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The Workplace Discrimination Act

By Alexis Mead

The fight against workplace discrimination took a major step forward in 2010 when all the different laws were brought together into one clear act of legislation known as the Equality Act.

The act applies to all employees, job applicants, trainees, contract workers, office holders (including company directors and partners), those who are on secondment and the self-employed. It covers all areas of employment including recruitment, selection and promotion, the provision of training, the provision of benefits, retirement and occupational pensions. (Source: Guardian Careers).

Discrimination can be ‘direct’, where a person is treated unequally on the grounds of, for example, race, gender, sexual orientation or religion.  It can also be known as ‘indirect’ where the discrimination isn’t obvious, for example if a store forbade employees from wearing hats, followers of religions who must keep their heads covered would be discriminated against.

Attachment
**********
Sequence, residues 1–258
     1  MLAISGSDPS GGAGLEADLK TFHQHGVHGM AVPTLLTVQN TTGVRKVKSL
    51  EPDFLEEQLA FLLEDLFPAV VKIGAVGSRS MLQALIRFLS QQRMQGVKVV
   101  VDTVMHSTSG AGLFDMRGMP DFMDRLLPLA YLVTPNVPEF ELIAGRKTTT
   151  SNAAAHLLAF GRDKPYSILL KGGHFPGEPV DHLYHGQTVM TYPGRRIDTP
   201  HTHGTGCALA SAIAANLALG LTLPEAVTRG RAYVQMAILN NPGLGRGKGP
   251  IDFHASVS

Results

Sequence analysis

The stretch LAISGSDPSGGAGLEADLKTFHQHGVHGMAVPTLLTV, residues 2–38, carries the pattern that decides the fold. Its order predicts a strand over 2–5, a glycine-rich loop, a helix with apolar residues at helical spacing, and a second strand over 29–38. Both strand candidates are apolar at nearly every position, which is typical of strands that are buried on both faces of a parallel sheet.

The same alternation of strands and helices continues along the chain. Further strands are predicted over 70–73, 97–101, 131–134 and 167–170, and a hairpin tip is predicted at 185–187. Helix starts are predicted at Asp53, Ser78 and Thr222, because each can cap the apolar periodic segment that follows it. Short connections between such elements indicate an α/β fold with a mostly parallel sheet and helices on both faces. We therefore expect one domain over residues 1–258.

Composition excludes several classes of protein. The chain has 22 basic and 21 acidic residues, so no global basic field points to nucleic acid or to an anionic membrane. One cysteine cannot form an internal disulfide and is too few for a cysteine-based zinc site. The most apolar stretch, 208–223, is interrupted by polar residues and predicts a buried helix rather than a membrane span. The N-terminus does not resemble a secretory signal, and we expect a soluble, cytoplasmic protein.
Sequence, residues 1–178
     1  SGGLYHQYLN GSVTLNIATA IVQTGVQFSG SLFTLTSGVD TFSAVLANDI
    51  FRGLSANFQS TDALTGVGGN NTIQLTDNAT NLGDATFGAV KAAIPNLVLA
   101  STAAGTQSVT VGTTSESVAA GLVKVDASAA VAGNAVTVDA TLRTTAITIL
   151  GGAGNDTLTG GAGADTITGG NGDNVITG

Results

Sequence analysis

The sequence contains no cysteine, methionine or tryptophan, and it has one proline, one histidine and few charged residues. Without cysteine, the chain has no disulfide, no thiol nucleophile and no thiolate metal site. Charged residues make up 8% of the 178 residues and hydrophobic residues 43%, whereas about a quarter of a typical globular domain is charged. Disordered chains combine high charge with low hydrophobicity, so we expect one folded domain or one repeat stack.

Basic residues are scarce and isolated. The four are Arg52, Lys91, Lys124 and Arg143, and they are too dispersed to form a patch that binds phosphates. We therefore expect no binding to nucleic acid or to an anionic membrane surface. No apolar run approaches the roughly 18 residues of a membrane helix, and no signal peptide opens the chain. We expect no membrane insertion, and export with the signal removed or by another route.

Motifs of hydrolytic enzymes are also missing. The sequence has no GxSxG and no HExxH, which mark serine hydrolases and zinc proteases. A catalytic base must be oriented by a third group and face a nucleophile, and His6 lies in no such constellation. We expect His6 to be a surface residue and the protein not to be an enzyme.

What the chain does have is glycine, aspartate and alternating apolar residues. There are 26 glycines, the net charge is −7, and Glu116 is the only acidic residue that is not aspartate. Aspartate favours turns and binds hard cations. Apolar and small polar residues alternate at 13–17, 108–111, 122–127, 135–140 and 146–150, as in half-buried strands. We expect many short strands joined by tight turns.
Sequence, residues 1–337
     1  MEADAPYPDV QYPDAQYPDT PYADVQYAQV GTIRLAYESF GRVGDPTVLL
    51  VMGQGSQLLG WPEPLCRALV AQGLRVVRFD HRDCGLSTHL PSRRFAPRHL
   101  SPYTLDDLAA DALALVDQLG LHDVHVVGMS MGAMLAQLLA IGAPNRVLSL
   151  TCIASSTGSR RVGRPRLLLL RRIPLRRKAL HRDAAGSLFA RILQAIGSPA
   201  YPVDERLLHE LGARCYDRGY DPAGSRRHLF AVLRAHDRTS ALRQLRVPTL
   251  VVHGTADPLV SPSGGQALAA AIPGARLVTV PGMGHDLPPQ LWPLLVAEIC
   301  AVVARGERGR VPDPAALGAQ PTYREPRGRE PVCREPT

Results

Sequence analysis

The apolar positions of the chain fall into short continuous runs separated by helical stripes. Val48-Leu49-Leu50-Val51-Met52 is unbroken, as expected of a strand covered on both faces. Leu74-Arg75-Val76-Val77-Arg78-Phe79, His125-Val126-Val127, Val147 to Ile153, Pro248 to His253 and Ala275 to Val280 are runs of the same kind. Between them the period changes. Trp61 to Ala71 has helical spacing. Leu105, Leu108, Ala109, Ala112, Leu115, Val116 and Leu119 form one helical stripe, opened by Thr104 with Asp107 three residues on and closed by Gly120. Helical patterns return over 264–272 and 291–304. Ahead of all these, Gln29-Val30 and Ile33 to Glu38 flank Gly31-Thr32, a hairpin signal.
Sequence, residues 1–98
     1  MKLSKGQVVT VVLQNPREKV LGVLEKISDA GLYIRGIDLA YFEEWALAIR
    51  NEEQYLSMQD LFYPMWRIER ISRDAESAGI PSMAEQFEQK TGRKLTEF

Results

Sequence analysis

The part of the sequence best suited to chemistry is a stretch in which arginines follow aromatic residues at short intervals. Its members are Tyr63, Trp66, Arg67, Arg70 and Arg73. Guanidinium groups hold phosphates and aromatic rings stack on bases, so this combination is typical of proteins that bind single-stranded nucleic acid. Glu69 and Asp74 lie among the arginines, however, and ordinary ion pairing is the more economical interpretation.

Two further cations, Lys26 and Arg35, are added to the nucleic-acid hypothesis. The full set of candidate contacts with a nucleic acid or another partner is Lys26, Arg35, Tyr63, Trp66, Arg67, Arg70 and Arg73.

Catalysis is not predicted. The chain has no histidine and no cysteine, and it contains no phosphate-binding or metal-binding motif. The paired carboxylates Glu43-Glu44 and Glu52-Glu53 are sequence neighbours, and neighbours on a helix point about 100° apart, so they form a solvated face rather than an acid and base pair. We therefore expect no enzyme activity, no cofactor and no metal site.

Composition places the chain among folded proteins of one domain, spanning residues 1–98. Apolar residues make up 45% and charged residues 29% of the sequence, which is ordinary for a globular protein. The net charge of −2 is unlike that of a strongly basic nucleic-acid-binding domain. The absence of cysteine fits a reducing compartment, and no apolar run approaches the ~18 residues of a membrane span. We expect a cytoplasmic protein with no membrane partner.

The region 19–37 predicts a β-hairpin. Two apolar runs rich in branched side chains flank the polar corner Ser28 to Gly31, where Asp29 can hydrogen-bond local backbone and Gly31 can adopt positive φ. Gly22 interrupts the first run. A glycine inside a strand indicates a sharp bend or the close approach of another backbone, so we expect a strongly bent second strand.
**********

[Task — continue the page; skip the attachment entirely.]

This is of course a very brief overview of the Act and all details may be found here

The Act has clarified many issues and offered protection to groups who may have been discriminated against in the past.  However for those who feel that they have a case for discrimination, there are clear guidelines to help resolve the issue.

In an ideal world this would never be necessary, however should it become so it’s important to realise that strict time limits apply.  The employee must follow the statutory grievance procedure and has to prove that discrimination has occurred.

From an employer’s point of view the liability for discrimination usually lies with them and/or any employee who is found to have discriminated against a fellow worker.  An employer will also be liable for the acts of third parties (such as suppliers) in some circumstances and also if they fail to protect their employees after the discrimination becomes known.

Respect in the workplace is key to  relationship success; it can be demonstrated in so many ways and is a two-way process; from the employers’ side when policies and practices are implemented fairly and consistently, leading employees to feel that they are all treated fairly and equally.

Employees can do a great deal in contributing to a working environment where everyone feels that they are treated with courtesy and respect.

Such reciprocal behaviours helps everyone who works side by side to grow and flourish and American research has shown that employees work harder for an employer who treats them with fairness and respect.

Here at AMR respect is at the centre of everything we do; it underpins our methodology and put in its most simple terms we treat everyone as we would like to be treated ourselves.

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